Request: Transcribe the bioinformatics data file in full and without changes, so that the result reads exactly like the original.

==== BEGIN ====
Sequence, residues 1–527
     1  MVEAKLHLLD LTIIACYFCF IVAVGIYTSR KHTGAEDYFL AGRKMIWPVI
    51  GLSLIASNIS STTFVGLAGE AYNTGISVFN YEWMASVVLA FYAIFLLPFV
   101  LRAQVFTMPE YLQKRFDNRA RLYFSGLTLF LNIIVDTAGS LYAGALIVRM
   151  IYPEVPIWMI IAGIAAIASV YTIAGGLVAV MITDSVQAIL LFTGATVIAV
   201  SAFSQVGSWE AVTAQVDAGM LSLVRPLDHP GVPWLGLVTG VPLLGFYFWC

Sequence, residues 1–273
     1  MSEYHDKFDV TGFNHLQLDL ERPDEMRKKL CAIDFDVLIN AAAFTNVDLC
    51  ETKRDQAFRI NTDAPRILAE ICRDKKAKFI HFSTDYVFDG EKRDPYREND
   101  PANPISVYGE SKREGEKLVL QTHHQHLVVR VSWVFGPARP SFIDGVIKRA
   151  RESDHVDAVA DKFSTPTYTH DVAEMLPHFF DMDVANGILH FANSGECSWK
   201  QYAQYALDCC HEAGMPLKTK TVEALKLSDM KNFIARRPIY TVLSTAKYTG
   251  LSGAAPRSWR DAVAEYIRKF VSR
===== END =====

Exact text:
Sequence, residues 1–527
     1  MVEAKLHLLD LTIIACYFCF IVAVGIYTSR KHTGAEDYFL AGRKMIWPVI
    51  GLSLIASNIS STTFVGLAGE AYNTGISVFN YEWMASVVLA FYAIFLLPFV
   101  LRAQVFTMPE YLQKRFDNRA RLYFSGLTLF LNIIVDTAGS LYAGALIVRM
   151  IYPEVPIWMI IAGIAAIASV YTIAGGLVAV MITDSVQAIL LFTGATVIAV
   201  SAFSQVGSWE AVTAQVDAGM LSLVRPLDHP GVPWLGLVTG VPLLGFYFWC

Sequence, residues 1–273
     1  MSEYHDKFDV TGFNHLQLDL ERPDEMRKKL CAIDFDVLIN AAAFTNVDLC
    51  ETKRDQAFRI NTDAPRILAE ICRDKKAKFI HFSTDYVFDG EKRDPYREND
   101  PANPISVYGE SKREGEKLVL QTHHQHLVVR VSWVFGPARP SFIDGVIKRA
   151  RESDHVDAVA DKFSTPTYTH DVAEMLPHFF DMDVANGILH FANSGECSWK
   201  QYAQYALDCC HEAGMPLKTK TVEALKLSDM KNFIARRPIY TVLSTAKYTG
   251  LSGAAPRSWR DAVAEYIRKF VSR